Asia
6 Jun 2016

Training scientists to save seabirds

Alton will now work in Taiwan to save seabirds from accidental death. © Ross Wanless
Alton will now work in Taiwan to save seabirds from accidental death. © Ross Wanless
By Berry Mulligan

Meet Alton.

Alton Liao is tall, calm of character, and with a measured approach to work. He knows his fish and he knows his boats. He’s spent many days at sea as an observer, monitoring fishing catches. And now he has become a seabird identification expert too. Alton has recently been to New Zealand where he undertook training organised by BirdLife International’s Marine Programme, and has taken his new skills back to Taiwan where he himself is a trainer.

Alton honing seabird identification skills at sea in New Zealand. © Karen Baird, Forest & Bird

 

Alton works on behalf of the Taiwanese Fisheries Agency, where he trains ‘fisheries observers’ – independent specialists who go out on fishing boats to monitor and record things like catch composition, accidental bycatch, safety issues and implementation of quotas and regulations.

When it comes to understanding the impact of the regulations protecting seabirds, some countries’ observer programmes need a bit of a helpful boost to record seabird bycatch. Reliable data from proactive and trained scientists and fisheries observers is key - this is why BirdLife's Marine Programme focuses on strengthening the capacity of researchers and fisheries officials.

Alton says:

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“Taiwanese long-liners fish in three oceans and we catch a lot from nature so it’s our duty to improve our skills in conservation – identification and good data is the basis for better conservation.”

Alton is the first Taiwanese trainer of observers to gain specialist seabird identification expertise. Skills development included necropsy training – how to determine sex, breeding state as well as confirmation of species ID and at-sea observation of live birds off New Zealand’s coast. He was trained by Forest & Bird (BirdLife in New Zealand).

Hundreds of thousands of birds are accidentally killed each year by longline, trawl and gillnets fisheries, and to understand the impact of this incidental loss of life it is necessary for national fisheries observers and scientists to have the skills to identify birds both dead on the decks of vessels as well as alive on the wing or the waters’ surface.

BirdLife have worked hard alongside many national governments over the past 10 years to support improved seabird regulations in the 5 major tuna commissions. These Regional Fisheries Management Organisations (RFMOs) now require longline vessels to use seabird bycatch mitigation on board, but gathering data on the number of birds killed and the rate that they are killed across whole ocean basins remains a significant challenge, due to lack of reporting or submission of non-useable data to RFMOs.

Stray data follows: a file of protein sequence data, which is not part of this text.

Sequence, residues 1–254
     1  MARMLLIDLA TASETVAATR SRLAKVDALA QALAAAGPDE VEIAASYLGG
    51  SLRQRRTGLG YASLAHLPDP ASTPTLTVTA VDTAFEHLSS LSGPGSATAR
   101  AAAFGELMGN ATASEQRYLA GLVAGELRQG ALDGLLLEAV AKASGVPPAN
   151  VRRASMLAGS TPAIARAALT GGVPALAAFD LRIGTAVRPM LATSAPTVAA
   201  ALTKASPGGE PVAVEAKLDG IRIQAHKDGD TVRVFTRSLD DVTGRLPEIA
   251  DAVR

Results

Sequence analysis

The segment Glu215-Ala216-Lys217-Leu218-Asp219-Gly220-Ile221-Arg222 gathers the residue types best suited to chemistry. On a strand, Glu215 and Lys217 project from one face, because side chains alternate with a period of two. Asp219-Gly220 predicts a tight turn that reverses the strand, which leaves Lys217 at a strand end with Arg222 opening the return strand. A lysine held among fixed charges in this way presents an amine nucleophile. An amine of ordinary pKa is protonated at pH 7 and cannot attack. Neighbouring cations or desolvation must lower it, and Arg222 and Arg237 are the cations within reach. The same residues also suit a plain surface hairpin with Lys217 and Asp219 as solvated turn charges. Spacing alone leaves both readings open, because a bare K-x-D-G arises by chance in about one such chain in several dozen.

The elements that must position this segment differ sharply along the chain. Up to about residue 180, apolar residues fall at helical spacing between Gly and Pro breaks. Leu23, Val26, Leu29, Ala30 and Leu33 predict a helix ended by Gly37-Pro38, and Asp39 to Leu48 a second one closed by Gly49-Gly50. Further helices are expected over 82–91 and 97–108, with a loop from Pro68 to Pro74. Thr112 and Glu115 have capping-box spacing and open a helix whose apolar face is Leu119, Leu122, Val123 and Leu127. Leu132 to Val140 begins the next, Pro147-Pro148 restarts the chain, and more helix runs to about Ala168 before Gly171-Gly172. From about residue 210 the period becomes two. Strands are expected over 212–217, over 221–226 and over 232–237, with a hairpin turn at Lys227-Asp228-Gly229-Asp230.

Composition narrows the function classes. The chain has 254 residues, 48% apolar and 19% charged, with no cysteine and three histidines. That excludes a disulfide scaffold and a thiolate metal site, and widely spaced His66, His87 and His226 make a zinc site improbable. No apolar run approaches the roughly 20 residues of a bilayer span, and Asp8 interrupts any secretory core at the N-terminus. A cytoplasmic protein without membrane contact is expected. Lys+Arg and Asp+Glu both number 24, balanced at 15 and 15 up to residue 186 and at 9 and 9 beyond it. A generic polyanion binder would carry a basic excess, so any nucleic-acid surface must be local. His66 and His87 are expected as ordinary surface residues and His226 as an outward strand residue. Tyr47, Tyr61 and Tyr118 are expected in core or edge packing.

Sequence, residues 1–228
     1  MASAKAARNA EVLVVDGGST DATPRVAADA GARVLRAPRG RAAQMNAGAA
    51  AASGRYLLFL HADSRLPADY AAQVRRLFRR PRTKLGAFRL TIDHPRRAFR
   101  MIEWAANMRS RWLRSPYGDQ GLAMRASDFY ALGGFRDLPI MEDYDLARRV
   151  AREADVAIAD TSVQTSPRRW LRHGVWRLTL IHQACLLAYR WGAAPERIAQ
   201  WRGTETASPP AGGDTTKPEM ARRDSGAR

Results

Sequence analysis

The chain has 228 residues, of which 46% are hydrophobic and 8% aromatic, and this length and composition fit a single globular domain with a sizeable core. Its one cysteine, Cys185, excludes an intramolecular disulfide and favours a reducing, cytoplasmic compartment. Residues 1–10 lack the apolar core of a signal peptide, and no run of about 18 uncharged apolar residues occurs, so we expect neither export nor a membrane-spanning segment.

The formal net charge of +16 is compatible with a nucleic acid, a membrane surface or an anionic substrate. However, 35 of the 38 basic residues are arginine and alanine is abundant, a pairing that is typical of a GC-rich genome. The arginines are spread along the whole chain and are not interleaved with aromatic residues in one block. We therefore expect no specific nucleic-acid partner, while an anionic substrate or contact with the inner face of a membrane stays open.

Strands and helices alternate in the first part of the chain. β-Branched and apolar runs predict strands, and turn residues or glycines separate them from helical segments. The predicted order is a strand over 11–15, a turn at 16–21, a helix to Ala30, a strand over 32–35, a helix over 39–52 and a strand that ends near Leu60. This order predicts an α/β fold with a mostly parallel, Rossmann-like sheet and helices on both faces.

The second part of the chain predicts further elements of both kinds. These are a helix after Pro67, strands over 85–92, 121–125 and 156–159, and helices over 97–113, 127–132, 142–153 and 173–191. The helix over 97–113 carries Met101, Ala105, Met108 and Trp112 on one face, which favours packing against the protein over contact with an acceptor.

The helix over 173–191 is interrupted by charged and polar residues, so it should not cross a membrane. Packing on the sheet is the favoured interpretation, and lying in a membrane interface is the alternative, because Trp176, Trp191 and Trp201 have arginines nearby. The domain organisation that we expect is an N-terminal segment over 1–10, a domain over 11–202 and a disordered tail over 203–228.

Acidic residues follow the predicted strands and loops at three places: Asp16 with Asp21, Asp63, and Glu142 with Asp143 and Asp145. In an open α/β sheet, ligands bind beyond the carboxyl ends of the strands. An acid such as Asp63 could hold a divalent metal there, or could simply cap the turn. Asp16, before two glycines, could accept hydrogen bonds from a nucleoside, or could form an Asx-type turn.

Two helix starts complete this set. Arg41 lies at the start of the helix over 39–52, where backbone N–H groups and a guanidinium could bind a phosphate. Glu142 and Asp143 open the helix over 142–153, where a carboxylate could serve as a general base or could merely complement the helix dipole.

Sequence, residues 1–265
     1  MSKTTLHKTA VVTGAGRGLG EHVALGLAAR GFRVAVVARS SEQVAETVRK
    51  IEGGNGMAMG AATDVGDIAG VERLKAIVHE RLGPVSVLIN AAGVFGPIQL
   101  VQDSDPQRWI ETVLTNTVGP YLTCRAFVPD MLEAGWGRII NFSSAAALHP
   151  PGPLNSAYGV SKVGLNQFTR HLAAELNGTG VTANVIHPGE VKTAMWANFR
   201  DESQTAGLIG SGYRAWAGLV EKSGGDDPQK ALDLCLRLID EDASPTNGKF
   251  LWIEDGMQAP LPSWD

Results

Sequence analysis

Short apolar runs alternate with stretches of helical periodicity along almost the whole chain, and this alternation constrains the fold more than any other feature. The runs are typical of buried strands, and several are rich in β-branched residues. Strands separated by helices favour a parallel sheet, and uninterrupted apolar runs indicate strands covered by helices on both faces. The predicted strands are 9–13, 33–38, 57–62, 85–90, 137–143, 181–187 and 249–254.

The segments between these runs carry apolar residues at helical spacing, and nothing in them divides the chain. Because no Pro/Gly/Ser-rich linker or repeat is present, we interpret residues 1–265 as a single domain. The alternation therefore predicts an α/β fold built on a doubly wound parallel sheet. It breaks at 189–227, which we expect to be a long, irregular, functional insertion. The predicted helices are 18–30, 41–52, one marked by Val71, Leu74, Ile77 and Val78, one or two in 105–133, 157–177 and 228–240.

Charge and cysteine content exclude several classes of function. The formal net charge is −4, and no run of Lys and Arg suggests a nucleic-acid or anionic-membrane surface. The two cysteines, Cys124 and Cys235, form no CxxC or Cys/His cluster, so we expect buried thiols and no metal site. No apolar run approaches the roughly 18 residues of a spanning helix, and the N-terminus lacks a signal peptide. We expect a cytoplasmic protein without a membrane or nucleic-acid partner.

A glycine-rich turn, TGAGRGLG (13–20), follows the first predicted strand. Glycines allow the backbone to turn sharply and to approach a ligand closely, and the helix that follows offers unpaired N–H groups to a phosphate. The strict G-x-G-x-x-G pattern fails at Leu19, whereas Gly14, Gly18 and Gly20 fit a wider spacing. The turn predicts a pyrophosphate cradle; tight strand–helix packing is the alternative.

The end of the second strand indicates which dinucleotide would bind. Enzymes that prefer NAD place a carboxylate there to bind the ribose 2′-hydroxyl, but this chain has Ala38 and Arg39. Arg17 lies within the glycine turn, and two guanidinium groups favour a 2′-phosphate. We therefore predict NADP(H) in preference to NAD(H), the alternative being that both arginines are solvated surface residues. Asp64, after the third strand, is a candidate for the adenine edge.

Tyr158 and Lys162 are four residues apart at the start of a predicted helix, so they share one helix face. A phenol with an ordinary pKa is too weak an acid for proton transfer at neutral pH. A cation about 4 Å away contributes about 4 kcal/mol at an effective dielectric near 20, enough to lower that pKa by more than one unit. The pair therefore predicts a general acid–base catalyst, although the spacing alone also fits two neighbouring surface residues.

Yukiko Inoue, Researcher at the National Research Institute of Far Seas Fisheries (NRIFSF) in Japan, took part in a similar training programme delivered through BirdLife in 2012. She explains the value of the experience:

“Seabirds accidentally captured in the southern hemisphere look similar to each other and there is a large number of species in the area, so training is important for researchers to avoid making mistakes of seabird identification. The training in New Zealand helped me a lot - I was able to enhance my identification skills which helped improve my knowledge and interpretation of observer data.’’

Yukiko and her colleagues at NRIFSF have recently reported on the effectiveness of RFMO seabird regulations in both the Indian and Atlantic Oceans, using data collected by Japanese fisheries observers.

Alton Liao training with Dr. Claudia Mischler (Wildlife Management International) and Dr.Paul Scofield (Canterbury Museum). © Karen Baird, Forest & Bird

 

‘’It is great to see leadership from Japan on reporting observer data to RFMOs’’

said Dr Cleo Small, Head of BirdLife’s Marine Programme.

“There remains a long way to go in terms of reporting seabird bycatch. We continue to work with national scientists and the tuna commissions themselves to improve the quality and consistency of monitoring to ensure that regulations to protect seabirds are effective on a global scale.’’

Ultimately it is up to national observer programmes and scientists to collect and report their bycatch data to understand what works best when saving seabirds from unintentional capture. Counting birds at sea – both dead and alive - can help save these global ocean wanderers.

Now back in Taiwan, Alton is developing an adapted Taiwanese seabird identification guide for use by observers.

“I feel thankful for BirdLife for the opportunity” he says. “It’s a good chance for me and for the Fisheries Agency and their observers to have better information about ecology and conservation of marine life. “


Thanks to the David & Lucile Packard Foundation for their ongoing support to our work with High Seas fishing fleets.